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Reading Like a Writer: A Guide for People…
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Reading Like a Writer: A Guide for People Who Love Books and for Those Who… (original 2006; edition 2006)

by Francine Prose

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2,389662,612 (3.75)168
Member:Lcwilson45
Title:Reading Like a Writer: A Guide for People Who Love Books and for Those Who Want to Write Them
Authors:Francine Prose
Info:HarperCollins (2006), Hardcover, 288 pages
Collections:writing, Your library
Rating:****
Tags:non-fiction, writing, reading, first edition

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Reading Like a Writer: A Guide for People Who Love Books and for Those Who Want to Write Them by Francine Prose (2006)

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Rush, rush, rush. When it comes to reading and the enjoyment of literature, the maxim we're taught is to read more and to read faster. Rejecting that rushed approach, Francine Prose in Reading Like a Writer argues that it's better to slow down and pay attention. To linger and savor, not just mindlessly consume.

I read a lot and I'll be the first to admit that sometimes the only way to read the massive amount of new literary work being published every month, the classics on my bucket list, and the literary darlings from previous years is to read fast. But I try to make amends. If I've read too quickly, I'll often re-read. Favorites get read a few times. There are even some books I'll re-read every year religiously (why buy books if not to re-read them and enjoy them again and again?). Usually I'll find that I gain some new insight with each re-reading. Or that life experience and age filters it differently; something that moved me in a certain way at twenty-two moves me in another way in my mid-thirties. But I try not to skim because even judicious skimming ultimately makes the reading experience a hollow one. Like stuffing your face at the buffet bar and not really tasting anything.

Prose warns against skimming and rightfully so. “Skimming will not allow you to extract one fraction of what a writer’s words can teach us about how to use the language.” Very true. (Um, so why did our professors in college assign massive, difficult tomes to be read in a week's time? Skimming was, ironically, a survival skill we learned as English undergrads.) As fiction readers, our interface with the books we read is mainly through the plot (what happens) and through the characters (who's involved), but we often miss the more subtle cues of storytelling by glossing over the words, sentences, and paragraphs. Bottom-line, you miss a lot by reading quickly or not reading mindfully. Because even if you're just in it for the story, Prose's point is that the story—all the psychological truths and crucial revelations—also exists in the microcosms: the words used, the sentence structure, or the gestures of the characters as they speak. The story is in the details.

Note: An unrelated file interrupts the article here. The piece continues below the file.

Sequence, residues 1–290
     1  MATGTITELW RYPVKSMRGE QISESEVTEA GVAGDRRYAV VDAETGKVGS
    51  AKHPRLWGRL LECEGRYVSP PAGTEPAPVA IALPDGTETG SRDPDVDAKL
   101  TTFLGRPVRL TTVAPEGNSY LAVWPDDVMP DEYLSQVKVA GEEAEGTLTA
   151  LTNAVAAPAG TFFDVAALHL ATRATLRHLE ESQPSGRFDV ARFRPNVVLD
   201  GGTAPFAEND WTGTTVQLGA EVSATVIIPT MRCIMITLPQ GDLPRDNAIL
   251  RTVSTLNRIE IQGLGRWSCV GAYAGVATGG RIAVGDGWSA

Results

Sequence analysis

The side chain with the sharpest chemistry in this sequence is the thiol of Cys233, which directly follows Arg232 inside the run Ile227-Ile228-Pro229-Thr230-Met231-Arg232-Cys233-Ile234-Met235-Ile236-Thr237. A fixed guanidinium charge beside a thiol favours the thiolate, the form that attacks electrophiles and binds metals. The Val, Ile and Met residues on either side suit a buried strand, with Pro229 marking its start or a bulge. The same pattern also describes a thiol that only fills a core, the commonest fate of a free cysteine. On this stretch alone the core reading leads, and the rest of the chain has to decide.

We forget that writers often labor painstakingly over a sentence or paragraph for days. Books are the result of multiple drafts. Good writing is never accidental; it's earnestly deliberate. There are effects and subtexts the writer wants to convey—even if we're not consciously aware of them—through the way something is written. In other words, it's not just what is said or written but *how*. Prose advocates for this kind of scrutiny and close reading. Books deserve more than our fleeting attention. She wants us to look at writing in the way we might walk up to a painting to peer at each brushstroke.

The idea of close reading might turn a lot of people off but to Prose's credit she makes the process a delightful one. (I wish I had read this as an undergrad!) Taking passages from various works, Prose breaks down what each writer does and achieves, closely examining the language used and how it expresses mood, character, and themes. You'll never look at these works the same way again.

Overall, Reading Like a Writer is must-read for any serious reader (and writer). ( )
1 vote gendeg | Oct 11, 2014 |
more a memoir than a book on writing

worth reading only after you "shared" the same readings that the author lists within a) an appendix b) the book itself

otherwise, it is just rambling and asking you to take for granted what the author decided to be relevant: a faith-based reading :) ( )
  aleph123 | Sep 28, 2014 |
Good introduction to the subject and other unfamiliar authors. ( )
  charlie68 | Aug 5, 2014 |